Not a single funeral home director sought to hire he, however, though he often dreamed of doing this sort of work. This was not by chance. Simply put, he was so familiar with practically everything the shady characters who worked the streets were dealt from life that in the eyes of some he’d come to resemble them; that is to say, he knew a thing or two about how beggars and prostitutes lived, even while he tried to reconcile his own status with all the many expressions of prejudice that had chanced to grace his ears. If experts were to compile a book of criminal psychology on the topic, he would have been able to quote plenty from its pages without reading a word.
Sometimes the urge to engage in a bit of name calling got the better of a particular city’s first flutist out to protect his territory. One fine and sunny morning it happened, for example, that he was dubbed a “baroque bastard.” However, he swallowed his pride on hearing this somewhat hostile greeting and proceeded in the minutes that followed to deliver a choice selection from across the range of that particular musical era. Other frequenters of the street accused him of adding to the chaos of the streets, and honored him with words otherwise in standard use by patients at psychiatric clinics. Their comments enabled he to measure the average level of refinement among this class of locals, with a particular view toward their psychological bearing. Yet others spat out insults that stretched the limits of good taste. But he managed to appreciate even these designations for reinforcing the foundations of his professional identity—that is, either as a twittering vagabond or else a common swindler, both of which he more or less accepted with some reservations. Only the most discerning of such folks—those who had more practice at transcending cliches when judging others—accorded him a somewhat nobler status. Which is not to say they refrained from critiquing his distinctive approach to playing the flute. But most of those who spent an inordinate amount of time on the street appeared to look down on him for eating the bread of the truly down-and-out, especially if they themselves would have preferred to be the ones eating this bread.
Before long, then, such comments hurled his way put him on intimate terms with the perspective of those city dwellers without roofs over their heads. And while he might have found plenty to take exception to in this, he didn’t worry himself over it. Instead he turned the more favorable aspects of his precarious condition to his advantage. He may have had a thing or two to learn yet about the ways of the world, back then, but at least he knew how to make the best of his misery. Moreover, with the exception of some rare, unmistakably successful “recital” of his, during this time he devoted his energies not to convincing the public-at-large of his talent as a flutist but to undertaking hard-to-characterize sociological surveys. Herein lay his secret. Had he dazzled passersby with salient virtuosity, why then no one but a few genteel souls accustomed to outlandish feats of profundity would have paid him the least bit of attention. And so, since he was capable of performing in such a way as to draw appreciative listeners from all corners of society, things looked quite different for him. Had this not been the case, surely Herr Mayerberg would never have given him a second look back then! When folks even more off-center than he—those plainly inept at sniffing out quality—took to singing his praises, he told himself that perhaps their enthusiasm hinted at a miracle to come. Years later he often thought back gratefully on the psychological self-advice their reactions had yielded. And yet he reflected less kindly upon those moralists who, within moments of popping up in front of him, had verbally cast doubt on the future stability of his character.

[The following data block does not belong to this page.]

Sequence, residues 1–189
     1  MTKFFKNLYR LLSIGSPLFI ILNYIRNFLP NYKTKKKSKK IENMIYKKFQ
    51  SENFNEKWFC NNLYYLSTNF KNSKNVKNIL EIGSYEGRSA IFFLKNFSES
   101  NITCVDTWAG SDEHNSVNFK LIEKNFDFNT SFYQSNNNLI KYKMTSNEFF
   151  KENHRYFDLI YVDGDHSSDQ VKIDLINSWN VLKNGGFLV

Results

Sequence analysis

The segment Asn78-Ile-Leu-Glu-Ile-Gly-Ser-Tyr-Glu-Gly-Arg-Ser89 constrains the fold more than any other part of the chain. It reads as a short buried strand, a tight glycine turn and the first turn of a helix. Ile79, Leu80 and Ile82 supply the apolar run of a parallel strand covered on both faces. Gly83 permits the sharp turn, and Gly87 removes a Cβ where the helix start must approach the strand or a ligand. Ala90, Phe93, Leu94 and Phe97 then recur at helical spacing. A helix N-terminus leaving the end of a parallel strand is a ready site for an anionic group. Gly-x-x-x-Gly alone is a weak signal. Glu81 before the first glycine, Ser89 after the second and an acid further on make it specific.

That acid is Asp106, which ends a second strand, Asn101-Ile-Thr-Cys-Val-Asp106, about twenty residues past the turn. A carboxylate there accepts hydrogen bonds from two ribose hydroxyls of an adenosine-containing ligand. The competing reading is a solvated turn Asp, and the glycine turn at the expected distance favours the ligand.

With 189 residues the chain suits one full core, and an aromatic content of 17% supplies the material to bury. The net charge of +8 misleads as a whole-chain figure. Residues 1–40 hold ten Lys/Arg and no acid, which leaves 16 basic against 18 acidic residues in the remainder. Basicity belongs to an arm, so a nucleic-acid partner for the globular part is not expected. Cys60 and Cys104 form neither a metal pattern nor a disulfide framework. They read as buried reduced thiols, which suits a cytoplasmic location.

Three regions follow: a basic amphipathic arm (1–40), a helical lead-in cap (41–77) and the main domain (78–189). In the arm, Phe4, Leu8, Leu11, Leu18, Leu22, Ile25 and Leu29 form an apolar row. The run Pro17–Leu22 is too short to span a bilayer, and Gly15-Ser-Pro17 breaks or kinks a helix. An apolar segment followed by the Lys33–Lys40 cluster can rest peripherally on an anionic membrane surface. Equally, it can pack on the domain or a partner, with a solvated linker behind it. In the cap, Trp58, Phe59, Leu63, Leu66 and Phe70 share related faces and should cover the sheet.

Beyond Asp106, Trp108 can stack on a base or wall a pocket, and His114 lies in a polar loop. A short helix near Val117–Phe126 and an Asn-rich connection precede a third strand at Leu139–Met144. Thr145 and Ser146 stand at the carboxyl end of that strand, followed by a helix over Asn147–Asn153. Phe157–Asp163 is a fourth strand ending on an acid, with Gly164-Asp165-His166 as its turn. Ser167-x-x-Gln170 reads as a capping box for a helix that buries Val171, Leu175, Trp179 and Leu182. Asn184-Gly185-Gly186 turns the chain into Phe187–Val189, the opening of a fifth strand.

He had plucked up a fair share of his erudition off the street. Such was the case even early on when, on Anna’s advice, he decided to stay enrolled in university back home. He had reached this crossroads despite an overwhelming temptation to drop out after those heady summer days when he’d first taken to the streets. He had debuted in front of the city hall in Bamberg rather amateurishly only to see dizzying success, and this was followed by similarly lucrative days learning the trade in front of the Salamander shoe shop in Munich. Yet, despite those exhilarating early days as a budding young street musician, he came to see this phase of his life as “academic”; for in the fall, winter, and spring back home in Budapest he was vying quite seriously with literary scholarship, secretly hoping that one day the critical world would be all agog over his discoveries. Indeed, he was busily formulating a new approach to reading literature. He’d conceived an enterprising if callow theory on the interpretation of poetry based on the study of medicine, a theory that would have seen him explicate poets’ more successful opuses using technical terms prevalent in vascular or internal medicine.
But how, after all, could he have compared this stage of his life with his more recent and highly mobile circumstances, especially now that he had several dozen cities under his belt?
He owed many thanks to the emissaries of religious sects who roved the streets with unflagging zeal. True, missionaries hit upon him as easy prey, and despite the language barrier they invariably found a way of explaining what awaited him in the final judgment that was soon to come. But the unpleasant aspects of such tirades were amply compensated for by the opportunity to partake in a richly detailed theological arguing match; for this fortified he’s German conversation skills in a way that a conversation about political or economic topics unfamiliar to him would not have.